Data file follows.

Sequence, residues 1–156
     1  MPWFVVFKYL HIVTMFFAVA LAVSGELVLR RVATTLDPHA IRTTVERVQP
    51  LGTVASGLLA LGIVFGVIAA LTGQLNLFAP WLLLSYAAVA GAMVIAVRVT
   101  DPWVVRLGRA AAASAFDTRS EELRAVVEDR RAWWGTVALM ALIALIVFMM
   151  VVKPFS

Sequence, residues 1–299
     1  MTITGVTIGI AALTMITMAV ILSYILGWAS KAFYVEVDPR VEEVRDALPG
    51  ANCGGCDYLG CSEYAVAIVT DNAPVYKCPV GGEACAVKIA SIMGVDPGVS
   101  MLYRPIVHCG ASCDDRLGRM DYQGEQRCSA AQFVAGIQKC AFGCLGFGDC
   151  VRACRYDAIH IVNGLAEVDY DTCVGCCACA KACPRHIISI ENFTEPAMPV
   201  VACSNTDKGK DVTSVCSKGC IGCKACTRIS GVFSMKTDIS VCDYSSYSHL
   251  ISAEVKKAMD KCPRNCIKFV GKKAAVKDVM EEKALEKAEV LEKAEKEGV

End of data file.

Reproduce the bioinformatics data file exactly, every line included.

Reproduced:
Sequence, residues 1–156
     1  MPWFVVFKYL HIVTMFFAVA LAVSGELVLR RVATTLDPHA IRTTVERVQP
    51  LGTVASGLLA LGIVFGVIAA LTGQLNLFAP WLLLSYAAVA GAMVIAVRVT
   101  DPWVVRLGRA AAASAFDTRS EELRAVVEDR RAWWGTVALM ALIALIVFMM
   151  VVKPFS

Sequence, residues 1–299
     1  MTITGVTIGI AALTMITMAV ILSYILGWAS KAFYVEVDPR VEEVRDALPG
    51  ANCGGCDYLG CSEYAVAIVT DNAPVYKCPV GGEACAVKIA SIMGVDPGVS
   101  MLYRPIVHCG ASCDDRLGRM DYQGEQRCSA AQFVAGIQKC AFGCLGFGDC
   151  VRACRYDAIH IVNGLAEVDY DTCVGCCACA KACPRHIISI ENFTEPAMPV
   201  VACSNTDKGK DVTSVCSKGC IGCKACTRIS GVFSMKTDIS VCDYSSYSHL
   251  ISAEVKKAMD KCPRNCIKFV GKKAAVKDVM EEKALEKAEV LEKAEKEGV